Finally, but importantly: bypass surgery is no picnic and anesthesia makes the BEST of us a little wonky for a few weeks. He may well get LOTS better and I hope he does. Even so, consider this a wake up call and do everything in your power to do as much advance planning now as you can -- it isn't necessarily too late. Bless you, stay in touch, and angels watch over you on this journey. Lolli
Helpful Answer (2)
Report

It's possible you can write them off on your income taxes. There's a specific amount you have to meet, then anything over that is deductible. But I would consult a tax consultant/attorney first just to make sure. I was able to deduct mileage, medicine, hotel stays, even travel to and from pharmacies. Good luck.
Helpful Answer (1)
Report

I don't know exactly what the legal ramifications are but my own experience is this:

I'm POA for my folks who are 600 miles away. I use my credit card for gas and motels and all the stuff I buy for them while I'm visiting and taking care of them. I make the trip as needed usually about 4 times per year.

I keep careful records and pay myself back from their checking account. They know, or at least mom does, that I do this and have no problems. Dad has dementia and is always shoving cash at me which I decline.

My expenses are for the most basic stuff, econo motels and gas. I would not use their funds for a vacation type trip for my wife and I. I would be hesitant to charge plane fare but maybe that's acceptable.
Helpful Answer (4)
Report

No
Helpful Answer (0)
Report

I'm sorry your dad had a stroke; I wish him well. What I think you're asking is whether you can take the money out of his account to "pay yourself back." If you are an owner on the account, you can do whatever you want. However, something about this doesn't sit right with me. I'm sensing it doesn't sit right with you, either, which is why you're asking for input. Under normal circumstances, the thing to do, if your dad can easily afford it and you can't, would be to say "Dad, the trip out here really stretched us financially. Would you consider covering it?" But you say your dad has lost his reasoning, so that's not a possibility.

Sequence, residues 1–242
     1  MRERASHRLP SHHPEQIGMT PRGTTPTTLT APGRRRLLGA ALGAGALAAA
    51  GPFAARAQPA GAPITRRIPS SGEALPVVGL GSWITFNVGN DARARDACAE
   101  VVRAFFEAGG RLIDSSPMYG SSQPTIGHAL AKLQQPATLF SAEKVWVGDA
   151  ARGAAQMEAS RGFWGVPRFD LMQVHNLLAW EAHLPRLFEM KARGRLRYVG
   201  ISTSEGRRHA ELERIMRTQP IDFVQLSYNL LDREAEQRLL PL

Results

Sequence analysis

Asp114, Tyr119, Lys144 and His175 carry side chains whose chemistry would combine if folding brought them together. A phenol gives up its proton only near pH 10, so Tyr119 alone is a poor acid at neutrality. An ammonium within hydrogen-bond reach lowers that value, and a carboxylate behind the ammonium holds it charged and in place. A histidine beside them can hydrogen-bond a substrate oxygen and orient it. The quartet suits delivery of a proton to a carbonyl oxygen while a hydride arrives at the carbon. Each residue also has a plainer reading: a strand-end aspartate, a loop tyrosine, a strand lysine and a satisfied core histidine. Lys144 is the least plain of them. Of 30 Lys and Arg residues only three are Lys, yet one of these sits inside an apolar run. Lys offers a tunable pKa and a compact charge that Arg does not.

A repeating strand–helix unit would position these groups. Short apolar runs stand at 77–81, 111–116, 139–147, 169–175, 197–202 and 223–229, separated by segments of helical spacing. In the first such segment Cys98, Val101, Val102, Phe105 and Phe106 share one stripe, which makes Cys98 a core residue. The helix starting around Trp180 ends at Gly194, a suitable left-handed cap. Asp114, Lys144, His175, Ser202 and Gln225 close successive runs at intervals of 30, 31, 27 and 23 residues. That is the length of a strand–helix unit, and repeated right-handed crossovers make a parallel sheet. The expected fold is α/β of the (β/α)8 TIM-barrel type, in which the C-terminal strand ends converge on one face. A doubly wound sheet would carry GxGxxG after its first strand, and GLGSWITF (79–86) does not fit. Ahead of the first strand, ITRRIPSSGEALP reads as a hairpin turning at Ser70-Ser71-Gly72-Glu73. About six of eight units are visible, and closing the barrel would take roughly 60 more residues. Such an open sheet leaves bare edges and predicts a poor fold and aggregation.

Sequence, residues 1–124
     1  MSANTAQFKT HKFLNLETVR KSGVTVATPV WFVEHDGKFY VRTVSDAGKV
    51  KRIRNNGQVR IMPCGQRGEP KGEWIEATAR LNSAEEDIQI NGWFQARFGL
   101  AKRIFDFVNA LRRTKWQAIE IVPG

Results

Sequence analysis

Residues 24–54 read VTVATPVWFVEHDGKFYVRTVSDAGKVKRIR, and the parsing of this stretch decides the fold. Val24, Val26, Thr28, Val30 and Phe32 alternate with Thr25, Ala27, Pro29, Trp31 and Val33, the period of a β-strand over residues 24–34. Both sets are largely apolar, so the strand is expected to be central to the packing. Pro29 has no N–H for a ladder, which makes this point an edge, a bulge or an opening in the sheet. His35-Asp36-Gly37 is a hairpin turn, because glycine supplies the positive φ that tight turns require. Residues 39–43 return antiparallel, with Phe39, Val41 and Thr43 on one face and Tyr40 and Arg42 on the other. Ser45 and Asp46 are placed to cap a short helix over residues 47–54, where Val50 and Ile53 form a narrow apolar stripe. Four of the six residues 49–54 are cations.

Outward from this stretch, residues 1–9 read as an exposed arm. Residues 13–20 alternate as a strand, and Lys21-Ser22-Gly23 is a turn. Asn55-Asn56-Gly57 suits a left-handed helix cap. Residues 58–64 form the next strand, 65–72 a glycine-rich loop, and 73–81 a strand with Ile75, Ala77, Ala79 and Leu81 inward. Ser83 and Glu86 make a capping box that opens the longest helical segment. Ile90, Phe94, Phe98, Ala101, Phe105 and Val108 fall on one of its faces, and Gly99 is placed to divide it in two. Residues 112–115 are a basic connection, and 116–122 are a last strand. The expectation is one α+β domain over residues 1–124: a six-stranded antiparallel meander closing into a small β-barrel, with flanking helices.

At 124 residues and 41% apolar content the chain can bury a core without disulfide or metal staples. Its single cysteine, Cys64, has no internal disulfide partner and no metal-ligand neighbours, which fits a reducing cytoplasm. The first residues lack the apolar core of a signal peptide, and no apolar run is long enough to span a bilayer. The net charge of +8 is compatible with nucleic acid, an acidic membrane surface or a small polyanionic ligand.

In light of that, my opinion is that you should take the money. If he's in assisted living now, he will likely eventually need nursing home care, in which case, all of his money will need to be taken out of his name anyway. This is a valid expense; it was for his care. If what you take ever makes a difference in his being able to stay in assisted living or not, give it back. But the way you're describing things, he doesn't have much use for money now and you do.

I'll use my own life as an example. I was caregiver for my mom for several years. Driving 80 miles to her house 3-4 times a week, paying for everything for her because she only had social security and some credit cards and I had a full-time job. I spent a LOT of money. Toward the end, I started using her credit cards for my gas only. I was so afraid of doing something morally wrong by "taking" her money, even if it was for things I knew she needed. At the end of the day, she went into a nursing home and had to default on the cards anyway. I now wish I had used her money for ALL of her expenses! It would have made things easier for me, and in retrospect, that would have been better.
Helpful Answer (3)
Report

This question has been closed for answers. Ask a New Question.
Related
Questions